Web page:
Once I’ve been through the process of raising hogs and know what to expect, I also look forward to using future swine for labor in clearing or tilling vegetable plots, removing stumps, and other similar chores around the farm, but I want to get my feet under me first. There is seizing life by the horns, and then there’s biting off more than you can chew! For the next several months, my goal will be to learn as much as I possibly can from Bacon and Pork Chops as they grow big, strong, and delicious. Let the adventure begin!

Under Invasion

Invasive species are a problem everywhere, and one I don’t think we talk about enough. Recently I’ve been seeing one old nemesis crop up, and I thought I’d share. The more people are aware of the problems invasive species can cause, the more people can help to limit their spread as much as possible.

Let’s start by making one thing perfectly clear: in a well-balanced ecosystem, everything has its place, no matter how annoying it may be. Things that are invasive in the Northeastern United States have a place of origin where they make a valuable contribution to the overall balance of life. The key word there is balance. Nature generally has checks and balances to keep everything in harmony. Herbivores feed on plant species so they don’t overgrow. Predators keep the herbivore populations from getting out of hand. When a plant or animal is moved from its native area to a new place, the new environment doesn’t have any checks and balances to control it. The new species can badly upset the established harmony.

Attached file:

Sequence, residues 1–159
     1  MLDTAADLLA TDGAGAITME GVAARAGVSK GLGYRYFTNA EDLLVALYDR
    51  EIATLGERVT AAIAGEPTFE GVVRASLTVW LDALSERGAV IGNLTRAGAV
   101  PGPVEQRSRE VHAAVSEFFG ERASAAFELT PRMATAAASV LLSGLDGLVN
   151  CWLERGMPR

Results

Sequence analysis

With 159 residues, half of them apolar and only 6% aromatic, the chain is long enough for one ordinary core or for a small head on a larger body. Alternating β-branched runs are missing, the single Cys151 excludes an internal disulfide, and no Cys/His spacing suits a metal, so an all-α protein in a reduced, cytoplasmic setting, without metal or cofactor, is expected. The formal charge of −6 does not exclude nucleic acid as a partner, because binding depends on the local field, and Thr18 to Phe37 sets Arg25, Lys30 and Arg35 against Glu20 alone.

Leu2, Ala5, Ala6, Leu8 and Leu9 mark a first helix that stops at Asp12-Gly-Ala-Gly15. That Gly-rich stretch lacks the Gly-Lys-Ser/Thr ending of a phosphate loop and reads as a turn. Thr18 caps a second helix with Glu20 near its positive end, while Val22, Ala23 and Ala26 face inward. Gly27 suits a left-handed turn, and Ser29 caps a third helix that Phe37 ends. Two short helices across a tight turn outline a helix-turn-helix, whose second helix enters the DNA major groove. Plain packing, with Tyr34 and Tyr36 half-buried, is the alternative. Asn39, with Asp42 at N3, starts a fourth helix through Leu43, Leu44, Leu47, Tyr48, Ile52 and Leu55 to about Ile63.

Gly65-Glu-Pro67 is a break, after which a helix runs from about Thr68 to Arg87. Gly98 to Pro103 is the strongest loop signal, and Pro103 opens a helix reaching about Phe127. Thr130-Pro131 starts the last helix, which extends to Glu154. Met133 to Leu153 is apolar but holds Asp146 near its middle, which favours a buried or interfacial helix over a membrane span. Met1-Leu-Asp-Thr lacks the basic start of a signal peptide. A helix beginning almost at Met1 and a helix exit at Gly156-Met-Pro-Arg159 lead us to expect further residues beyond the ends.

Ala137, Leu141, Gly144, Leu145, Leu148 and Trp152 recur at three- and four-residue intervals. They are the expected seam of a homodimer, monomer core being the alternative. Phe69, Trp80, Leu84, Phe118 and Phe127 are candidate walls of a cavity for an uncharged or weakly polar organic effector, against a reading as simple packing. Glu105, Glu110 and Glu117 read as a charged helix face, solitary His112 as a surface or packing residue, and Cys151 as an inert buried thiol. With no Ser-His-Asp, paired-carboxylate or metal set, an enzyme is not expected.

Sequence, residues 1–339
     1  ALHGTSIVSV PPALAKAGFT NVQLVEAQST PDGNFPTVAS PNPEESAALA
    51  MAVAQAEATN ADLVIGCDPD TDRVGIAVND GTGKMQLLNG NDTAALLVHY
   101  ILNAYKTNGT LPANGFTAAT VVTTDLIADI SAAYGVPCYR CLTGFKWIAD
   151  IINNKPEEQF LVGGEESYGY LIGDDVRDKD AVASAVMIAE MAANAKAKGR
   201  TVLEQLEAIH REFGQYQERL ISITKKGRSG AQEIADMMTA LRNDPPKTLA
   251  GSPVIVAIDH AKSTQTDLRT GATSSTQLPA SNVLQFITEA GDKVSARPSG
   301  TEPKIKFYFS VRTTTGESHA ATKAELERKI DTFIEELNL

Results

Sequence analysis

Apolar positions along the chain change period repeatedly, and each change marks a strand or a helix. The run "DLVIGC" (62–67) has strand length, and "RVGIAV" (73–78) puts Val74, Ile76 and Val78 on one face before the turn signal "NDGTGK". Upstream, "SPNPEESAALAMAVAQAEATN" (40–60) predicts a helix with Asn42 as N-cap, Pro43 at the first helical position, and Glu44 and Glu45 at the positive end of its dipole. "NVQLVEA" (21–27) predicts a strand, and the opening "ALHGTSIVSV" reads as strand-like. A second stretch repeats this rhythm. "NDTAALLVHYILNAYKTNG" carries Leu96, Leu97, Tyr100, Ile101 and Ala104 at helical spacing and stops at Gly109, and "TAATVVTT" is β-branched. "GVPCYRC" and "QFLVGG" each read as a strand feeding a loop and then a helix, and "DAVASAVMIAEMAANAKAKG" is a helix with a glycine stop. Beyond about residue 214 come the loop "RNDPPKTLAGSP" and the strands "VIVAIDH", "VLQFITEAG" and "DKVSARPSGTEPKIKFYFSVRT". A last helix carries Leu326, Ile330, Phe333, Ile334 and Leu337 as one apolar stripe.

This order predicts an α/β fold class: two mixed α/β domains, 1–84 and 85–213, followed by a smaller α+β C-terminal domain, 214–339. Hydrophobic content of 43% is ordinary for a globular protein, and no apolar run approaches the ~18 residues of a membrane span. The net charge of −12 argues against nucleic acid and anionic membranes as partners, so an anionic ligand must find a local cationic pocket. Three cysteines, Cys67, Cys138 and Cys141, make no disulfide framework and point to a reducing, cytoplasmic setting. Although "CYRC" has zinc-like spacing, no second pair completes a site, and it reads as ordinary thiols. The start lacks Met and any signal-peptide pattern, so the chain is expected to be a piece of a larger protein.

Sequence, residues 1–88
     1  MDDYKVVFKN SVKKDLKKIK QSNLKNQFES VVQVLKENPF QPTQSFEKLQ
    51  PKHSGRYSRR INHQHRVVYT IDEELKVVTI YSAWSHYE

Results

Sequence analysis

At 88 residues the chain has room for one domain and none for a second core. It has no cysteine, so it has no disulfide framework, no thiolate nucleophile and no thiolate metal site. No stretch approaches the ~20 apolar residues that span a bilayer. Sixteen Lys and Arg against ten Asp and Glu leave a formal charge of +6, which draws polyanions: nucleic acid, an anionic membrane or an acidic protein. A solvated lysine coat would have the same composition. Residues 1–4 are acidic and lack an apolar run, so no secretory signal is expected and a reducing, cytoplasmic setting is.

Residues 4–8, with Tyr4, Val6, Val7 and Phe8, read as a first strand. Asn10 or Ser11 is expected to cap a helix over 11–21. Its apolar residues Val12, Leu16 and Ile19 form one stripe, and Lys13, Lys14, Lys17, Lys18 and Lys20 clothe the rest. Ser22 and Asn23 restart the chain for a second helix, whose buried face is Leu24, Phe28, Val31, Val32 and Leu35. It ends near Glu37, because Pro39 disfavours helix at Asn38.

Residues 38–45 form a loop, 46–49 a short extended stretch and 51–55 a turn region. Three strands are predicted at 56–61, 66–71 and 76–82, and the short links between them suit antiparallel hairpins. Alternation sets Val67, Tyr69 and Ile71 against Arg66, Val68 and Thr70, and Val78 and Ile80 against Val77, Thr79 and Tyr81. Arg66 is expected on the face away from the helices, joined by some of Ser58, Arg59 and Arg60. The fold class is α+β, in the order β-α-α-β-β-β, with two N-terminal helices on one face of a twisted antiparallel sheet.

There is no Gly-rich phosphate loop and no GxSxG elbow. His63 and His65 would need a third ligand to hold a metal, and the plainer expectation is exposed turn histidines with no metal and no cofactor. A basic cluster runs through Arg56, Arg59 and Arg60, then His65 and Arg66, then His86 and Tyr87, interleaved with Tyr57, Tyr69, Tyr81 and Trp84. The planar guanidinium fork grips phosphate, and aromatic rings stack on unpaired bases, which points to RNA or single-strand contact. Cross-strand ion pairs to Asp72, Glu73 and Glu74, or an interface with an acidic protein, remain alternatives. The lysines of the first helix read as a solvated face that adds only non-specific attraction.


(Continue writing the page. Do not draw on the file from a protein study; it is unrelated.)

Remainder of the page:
Today’s example is a plant known as garlic mustard (Alliaria petiolata). This herb is native to Europe and parts of Asia, and is first recorded in North America in 1868 on Long Island. Now, it is found in various areas of the northeast and midwest. It was most likely introduced for its culinary and medicinal uses. It is often found in forest understories, particularly along trails and forest edges, or along roadsides, and it can form dense stands. It is a biennial, and spends its first year as a small rosette of toothed green leaves. In its more recognizable second-year form, it is a tall plant, standing as much as 2-3 feet high and fairly straight, with clusters of small white flowers.

A stand of garlic mustard

A stand of garlic mustard

So, what’s the problem? At first glance it may seem that garlic mustard is just another wildflower, and an edible one at that. In fact, it looks an awful lot like some of our native understory plants, like toothwort, early saxifrage, and sweet cicely. But because it is not a native plant, there are some important differences. Firstly, garlic mustard is able to out-compete the comparable native plants listed above, in part because the major native herbivores like deer don’t feed on it. They will preferentially pick out and eat the others instead. As garlic mustard becomes over-represented in the understory, other imbalances arise. For example, several species of native butterfly typically lay their eggs on plants like toothwort. When toothwort is less available, they lay those eggs on garlic mustard instead. The oils in the leaves of the garlic mustard can interfere with the eggs and keep them from hatching, or be unhealthy to caterpillars trying to eat them. One of these butterflies is the endangered West Virginia white butterfly.